Bailing out your neighbor

Ethel C. Fenig
Well, it seems that CNBC's Rick Santelli's televised outburst against paying for other people's mortgages is more in tune with the feelings of Americans than the man who won the presidency with over 50% of the vote.  As reported on CNN
 
a new national poll suggests that most Americans think the plan is unfair to those who pay their mortgages on time.

Sixty-four percent of those questioned in a Quinnipiac University survey released Wednesday feel the Obama administration program is unfair to those who pay their mortgages on time. Only 28 percent say that the president's $75 billion plan is fair.

However,

While nearly two-thirds think the plan is unfair to those who follow the rules, 57 percent say they approve of the package,

Because Americans are basically good hearted, this is not as contradictory as it appears. 

"Americans don't like to see other people get special treatment, particularly when it comes to money, but they don't like to see others suffer either," said CNN Polling Director Keating Holland.

"And unlike federal assistance to auto companies and banks, the Obama mortgage plan appears to benefit individual Americans, typically a more popular option in polls."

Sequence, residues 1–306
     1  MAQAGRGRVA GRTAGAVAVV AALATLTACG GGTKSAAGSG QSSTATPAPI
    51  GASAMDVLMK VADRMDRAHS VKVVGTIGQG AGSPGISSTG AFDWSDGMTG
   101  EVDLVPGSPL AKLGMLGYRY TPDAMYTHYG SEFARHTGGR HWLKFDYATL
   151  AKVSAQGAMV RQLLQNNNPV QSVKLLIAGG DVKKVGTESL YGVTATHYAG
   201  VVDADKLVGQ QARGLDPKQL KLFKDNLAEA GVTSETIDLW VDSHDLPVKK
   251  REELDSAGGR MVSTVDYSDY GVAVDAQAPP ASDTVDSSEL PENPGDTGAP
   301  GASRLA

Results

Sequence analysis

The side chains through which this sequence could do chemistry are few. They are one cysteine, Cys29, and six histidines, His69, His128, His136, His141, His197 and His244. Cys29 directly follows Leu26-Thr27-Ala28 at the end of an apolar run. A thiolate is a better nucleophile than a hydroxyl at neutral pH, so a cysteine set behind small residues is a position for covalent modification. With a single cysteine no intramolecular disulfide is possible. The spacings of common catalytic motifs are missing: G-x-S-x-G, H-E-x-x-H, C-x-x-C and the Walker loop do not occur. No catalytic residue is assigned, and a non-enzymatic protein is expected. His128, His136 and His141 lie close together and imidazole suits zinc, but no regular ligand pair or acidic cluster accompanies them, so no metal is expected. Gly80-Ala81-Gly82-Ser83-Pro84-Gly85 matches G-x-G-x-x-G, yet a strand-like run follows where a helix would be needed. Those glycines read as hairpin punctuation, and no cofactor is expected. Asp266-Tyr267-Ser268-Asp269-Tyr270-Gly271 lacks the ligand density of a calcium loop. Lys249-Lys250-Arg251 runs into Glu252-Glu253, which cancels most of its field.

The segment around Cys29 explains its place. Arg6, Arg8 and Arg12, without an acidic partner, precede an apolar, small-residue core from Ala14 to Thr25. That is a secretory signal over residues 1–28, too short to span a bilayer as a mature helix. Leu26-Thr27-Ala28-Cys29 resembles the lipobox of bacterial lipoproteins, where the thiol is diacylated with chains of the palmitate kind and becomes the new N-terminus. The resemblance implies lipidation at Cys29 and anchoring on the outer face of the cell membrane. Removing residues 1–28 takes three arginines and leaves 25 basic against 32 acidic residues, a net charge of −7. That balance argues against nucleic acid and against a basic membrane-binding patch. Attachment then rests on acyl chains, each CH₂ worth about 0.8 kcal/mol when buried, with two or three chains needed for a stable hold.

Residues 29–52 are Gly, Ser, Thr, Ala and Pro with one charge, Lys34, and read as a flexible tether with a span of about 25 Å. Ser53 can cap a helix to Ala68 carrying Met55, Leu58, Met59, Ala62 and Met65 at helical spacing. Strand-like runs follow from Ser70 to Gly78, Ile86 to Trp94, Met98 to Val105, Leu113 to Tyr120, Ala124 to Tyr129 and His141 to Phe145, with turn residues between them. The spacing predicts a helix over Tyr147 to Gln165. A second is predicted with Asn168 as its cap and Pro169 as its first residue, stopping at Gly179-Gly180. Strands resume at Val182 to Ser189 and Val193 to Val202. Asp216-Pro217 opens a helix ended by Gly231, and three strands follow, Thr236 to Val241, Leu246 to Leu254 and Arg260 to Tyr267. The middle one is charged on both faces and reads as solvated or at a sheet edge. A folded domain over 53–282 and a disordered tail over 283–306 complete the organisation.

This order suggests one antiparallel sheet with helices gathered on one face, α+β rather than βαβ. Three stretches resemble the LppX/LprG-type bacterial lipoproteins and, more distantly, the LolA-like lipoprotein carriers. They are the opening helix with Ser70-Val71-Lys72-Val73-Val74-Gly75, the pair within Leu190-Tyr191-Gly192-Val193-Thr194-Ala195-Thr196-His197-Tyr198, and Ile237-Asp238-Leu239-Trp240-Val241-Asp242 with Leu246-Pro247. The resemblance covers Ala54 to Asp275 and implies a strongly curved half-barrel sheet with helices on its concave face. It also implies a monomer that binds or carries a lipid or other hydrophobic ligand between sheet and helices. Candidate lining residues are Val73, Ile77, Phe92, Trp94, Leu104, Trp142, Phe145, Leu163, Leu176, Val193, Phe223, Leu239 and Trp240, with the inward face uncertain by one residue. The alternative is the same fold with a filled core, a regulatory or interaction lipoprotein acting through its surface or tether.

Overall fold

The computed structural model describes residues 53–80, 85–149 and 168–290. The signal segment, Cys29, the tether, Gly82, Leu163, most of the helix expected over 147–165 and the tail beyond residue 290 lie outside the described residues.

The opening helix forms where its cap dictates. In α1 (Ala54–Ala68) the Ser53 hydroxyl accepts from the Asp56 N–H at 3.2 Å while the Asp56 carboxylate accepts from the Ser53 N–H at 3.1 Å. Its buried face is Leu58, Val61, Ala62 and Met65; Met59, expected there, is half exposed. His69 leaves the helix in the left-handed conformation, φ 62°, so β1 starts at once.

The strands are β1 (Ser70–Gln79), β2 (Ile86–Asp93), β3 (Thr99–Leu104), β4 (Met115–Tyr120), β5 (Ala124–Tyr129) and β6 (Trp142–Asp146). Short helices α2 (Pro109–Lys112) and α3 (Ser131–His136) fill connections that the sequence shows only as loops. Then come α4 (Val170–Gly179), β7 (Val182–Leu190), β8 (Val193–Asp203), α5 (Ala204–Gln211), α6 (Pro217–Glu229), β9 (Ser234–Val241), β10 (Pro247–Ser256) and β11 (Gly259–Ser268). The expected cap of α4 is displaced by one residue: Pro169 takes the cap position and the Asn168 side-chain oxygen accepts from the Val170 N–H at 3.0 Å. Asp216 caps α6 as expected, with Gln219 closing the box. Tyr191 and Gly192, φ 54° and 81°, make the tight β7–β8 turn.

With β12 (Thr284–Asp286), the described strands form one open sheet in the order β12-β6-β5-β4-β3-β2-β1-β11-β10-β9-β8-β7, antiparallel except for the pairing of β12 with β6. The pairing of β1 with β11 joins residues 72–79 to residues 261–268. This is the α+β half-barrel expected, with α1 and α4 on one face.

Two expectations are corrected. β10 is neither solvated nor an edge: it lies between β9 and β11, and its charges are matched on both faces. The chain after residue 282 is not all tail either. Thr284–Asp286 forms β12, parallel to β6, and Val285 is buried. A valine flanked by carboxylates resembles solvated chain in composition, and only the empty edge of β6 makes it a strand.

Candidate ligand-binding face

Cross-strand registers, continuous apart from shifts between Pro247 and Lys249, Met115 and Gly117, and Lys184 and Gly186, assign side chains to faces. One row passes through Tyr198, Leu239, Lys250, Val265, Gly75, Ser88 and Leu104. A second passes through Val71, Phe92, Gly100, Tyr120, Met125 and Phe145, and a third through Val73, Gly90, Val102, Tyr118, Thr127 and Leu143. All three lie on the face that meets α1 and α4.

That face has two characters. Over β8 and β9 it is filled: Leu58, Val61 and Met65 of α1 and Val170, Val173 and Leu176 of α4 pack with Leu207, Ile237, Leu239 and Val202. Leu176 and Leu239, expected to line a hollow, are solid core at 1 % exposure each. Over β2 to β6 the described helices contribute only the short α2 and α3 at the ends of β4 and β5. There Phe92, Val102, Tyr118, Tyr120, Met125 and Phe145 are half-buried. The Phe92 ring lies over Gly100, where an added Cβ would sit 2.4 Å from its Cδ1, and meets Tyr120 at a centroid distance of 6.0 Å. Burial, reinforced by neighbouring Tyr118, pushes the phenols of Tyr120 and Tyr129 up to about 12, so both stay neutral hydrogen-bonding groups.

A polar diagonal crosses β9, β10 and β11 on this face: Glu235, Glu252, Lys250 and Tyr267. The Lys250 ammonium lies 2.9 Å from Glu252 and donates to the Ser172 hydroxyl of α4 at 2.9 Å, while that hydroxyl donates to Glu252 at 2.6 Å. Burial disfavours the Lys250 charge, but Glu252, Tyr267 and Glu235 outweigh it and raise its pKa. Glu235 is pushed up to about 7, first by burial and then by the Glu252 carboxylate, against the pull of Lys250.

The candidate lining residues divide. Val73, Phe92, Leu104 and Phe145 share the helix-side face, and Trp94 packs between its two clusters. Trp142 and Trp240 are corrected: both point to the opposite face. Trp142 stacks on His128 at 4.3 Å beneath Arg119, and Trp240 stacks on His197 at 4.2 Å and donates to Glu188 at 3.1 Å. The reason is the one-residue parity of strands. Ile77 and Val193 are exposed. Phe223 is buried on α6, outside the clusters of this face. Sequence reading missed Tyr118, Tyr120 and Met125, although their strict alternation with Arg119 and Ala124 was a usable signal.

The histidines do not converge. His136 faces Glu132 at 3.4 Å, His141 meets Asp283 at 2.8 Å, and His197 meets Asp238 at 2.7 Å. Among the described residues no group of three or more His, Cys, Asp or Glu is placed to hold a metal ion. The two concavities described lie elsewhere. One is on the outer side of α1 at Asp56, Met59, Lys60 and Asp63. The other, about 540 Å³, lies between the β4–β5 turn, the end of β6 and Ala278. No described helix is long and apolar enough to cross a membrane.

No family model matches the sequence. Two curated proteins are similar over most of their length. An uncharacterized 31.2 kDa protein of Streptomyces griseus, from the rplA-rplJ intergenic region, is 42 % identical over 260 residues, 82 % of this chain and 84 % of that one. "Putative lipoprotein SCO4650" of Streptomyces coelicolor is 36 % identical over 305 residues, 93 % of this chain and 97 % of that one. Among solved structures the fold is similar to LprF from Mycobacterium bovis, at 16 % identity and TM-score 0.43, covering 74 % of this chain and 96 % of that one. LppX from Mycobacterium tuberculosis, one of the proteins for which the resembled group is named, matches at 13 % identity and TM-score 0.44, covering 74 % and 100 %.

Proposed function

And apparently that's the sentiment that President Barack Hussein Obama (D) tapped.

So, should you struggle to pay your mortgage or get in line for some free money?  Except it won't be so free--even for those who restructure their mortgage. 




Well, it seems that CNBC's Rick Santelli's televised outburst against paying for other people's mortgages is more in tune with the feelings of Americans than the man who won the presidency with over 50% of the vote.  As reported on CNN
 
a new national poll suggests that most Americans think the plan is unfair to those who pay their mortgages on time.

Sixty-four percent of those questioned in a Quinnipiac University survey released Wednesday feel the Obama administration program is unfair to those who pay their mortgages on time. Only 28 percent say that the president's $75 billion plan is fair.

However,

While nearly two-thirds think the plan is unfair to those who follow the rules, 57 percent say they approve of the package,

Because Americans are basically good hearted, this is not as contradictory as it appears. 

"Americans don't like to see other people get special treatment, particularly when it comes to money, but they don't like to see others suffer either," said CNN Polling Director Keating Holland.

"And unlike federal assistance to auto companies and banks, the Obama mortgage plan appears to benefit individual Americans, typically a more popular option in polls."

And apparently that's the sentiment that President Barack Hussein Obama (D) tapped.

So, should you struggle to pay your mortgage or get in line for some free money?  Except it won't be so free--even for those who restructure their mortgage.